Liberal prognosticators predicted the decline in union membership since the 1960s (which accelerated in the 1980s) would lead to lower wages and make the poor poorer. Today, they blame the decline of the middle class–which is a myth, by the way–on the decline in union membership. A new report by the American Action Forum debunks these claims.
According to the report, the decline in union membership has been associated with four positive economic outcomes:
- Increased economic growth.
- Faster job creation.
- Greater worker earnings.
- Greater total labor earnings.
So much for the doom and gloom the left was expecting.
On growth, the report argues, “For every one-percentage point increase in the union membership rate, a state’s real GDP growth rate decreases by 0.25 percentage points. To put this in perspective, in 2013 state real GDP grew 1.28 percent on average. If the average union membership rate increased by one percentage point, then the state average real GDP growth rate would have declined to 1.03 percent.”
Ben Gitis, the author, also writes “the results indicate that a one-percentage point increase in the union membership rate is associated with a 0.11 percentage point decrease in the job growth rate.”
On wages, “the average weekly earnings growth rate for all workers in the state declines by 0.22 percentage points and for workers in businesses with fewer than 5 employees it declines by 0.14 percentage points. Again, these results mirror the raw data: average compounded annual average weekly earnings growth was slightly quicker (0.03 percentage point) in states where union membership declined than in states where it increased.”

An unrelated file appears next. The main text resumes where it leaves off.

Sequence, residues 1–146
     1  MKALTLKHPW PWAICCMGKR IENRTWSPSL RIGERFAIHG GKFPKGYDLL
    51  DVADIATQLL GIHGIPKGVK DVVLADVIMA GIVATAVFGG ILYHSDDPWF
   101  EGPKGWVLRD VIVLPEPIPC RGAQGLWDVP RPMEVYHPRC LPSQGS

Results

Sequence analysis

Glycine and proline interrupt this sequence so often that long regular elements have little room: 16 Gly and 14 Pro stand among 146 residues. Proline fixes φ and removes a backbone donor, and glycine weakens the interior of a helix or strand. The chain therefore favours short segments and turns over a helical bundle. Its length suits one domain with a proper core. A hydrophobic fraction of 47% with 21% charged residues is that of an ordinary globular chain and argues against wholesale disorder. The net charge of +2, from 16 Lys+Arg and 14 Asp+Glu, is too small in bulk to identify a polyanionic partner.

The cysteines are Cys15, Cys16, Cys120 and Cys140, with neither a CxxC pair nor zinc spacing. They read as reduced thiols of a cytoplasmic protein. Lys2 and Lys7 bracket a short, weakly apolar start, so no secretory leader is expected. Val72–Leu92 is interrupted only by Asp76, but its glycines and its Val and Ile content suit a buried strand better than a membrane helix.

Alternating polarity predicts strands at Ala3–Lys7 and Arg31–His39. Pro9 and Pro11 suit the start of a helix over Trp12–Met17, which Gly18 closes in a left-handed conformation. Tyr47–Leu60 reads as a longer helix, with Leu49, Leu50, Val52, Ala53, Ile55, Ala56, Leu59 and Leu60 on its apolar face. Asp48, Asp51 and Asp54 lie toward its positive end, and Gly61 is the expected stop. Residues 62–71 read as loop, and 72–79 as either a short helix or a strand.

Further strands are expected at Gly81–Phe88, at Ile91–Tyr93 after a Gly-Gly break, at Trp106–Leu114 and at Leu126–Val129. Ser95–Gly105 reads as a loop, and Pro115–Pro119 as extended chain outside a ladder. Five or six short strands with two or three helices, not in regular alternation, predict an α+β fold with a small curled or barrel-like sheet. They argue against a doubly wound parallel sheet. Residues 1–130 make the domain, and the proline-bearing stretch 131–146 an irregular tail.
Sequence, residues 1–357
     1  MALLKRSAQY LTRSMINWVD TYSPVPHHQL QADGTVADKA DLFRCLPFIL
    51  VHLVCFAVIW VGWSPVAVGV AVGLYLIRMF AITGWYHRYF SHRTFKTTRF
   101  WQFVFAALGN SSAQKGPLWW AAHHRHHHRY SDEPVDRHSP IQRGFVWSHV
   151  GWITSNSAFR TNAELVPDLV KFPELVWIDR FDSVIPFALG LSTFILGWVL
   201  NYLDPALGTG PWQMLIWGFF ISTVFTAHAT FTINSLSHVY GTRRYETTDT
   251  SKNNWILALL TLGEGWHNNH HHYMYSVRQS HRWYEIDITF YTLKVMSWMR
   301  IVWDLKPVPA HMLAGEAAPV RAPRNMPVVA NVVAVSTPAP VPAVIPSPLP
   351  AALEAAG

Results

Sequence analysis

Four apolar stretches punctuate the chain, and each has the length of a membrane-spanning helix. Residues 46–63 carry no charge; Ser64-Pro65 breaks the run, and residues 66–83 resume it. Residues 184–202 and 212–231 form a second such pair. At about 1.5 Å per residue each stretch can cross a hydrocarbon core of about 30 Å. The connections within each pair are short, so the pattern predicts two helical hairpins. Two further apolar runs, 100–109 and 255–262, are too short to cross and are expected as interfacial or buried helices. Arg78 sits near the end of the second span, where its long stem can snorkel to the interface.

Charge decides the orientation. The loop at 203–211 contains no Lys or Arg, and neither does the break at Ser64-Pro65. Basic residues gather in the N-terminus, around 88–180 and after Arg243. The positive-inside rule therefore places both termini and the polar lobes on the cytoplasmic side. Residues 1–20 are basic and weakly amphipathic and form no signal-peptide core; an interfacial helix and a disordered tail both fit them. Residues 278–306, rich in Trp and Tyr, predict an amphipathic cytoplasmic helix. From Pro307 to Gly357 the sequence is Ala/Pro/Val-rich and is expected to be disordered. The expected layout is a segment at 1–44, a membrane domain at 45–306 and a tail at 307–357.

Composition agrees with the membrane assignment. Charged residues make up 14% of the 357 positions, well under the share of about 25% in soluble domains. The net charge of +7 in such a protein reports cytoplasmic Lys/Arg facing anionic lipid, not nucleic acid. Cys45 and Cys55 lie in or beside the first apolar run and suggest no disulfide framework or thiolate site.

And, on total labor earnings, “We find statistically significant evidence that an increase in a state’s union membership rate is associated with a decrease in the growth rate of total wage earnings for all workers in that state and particularly for those in small- and medium-size business establishments. For all workers, we find that a one-percentage point increase in the union membership rate is associated with a 0.20 percentage point decline in the total wage earnings growth rate.”
So, fortunately, the decline in union membership may be a good thing.
P.S. You still think unions gave you things like shorter work days and work weeks? That’s a myth, too.
P.P.S. I don’t oppose unions in general. I oppose mandatory unions and I support right to work laws. I believe that, in a market system, workers should have the ability to collectivize as long as it is voluntary and as long as they don’t force others to join or pay dues.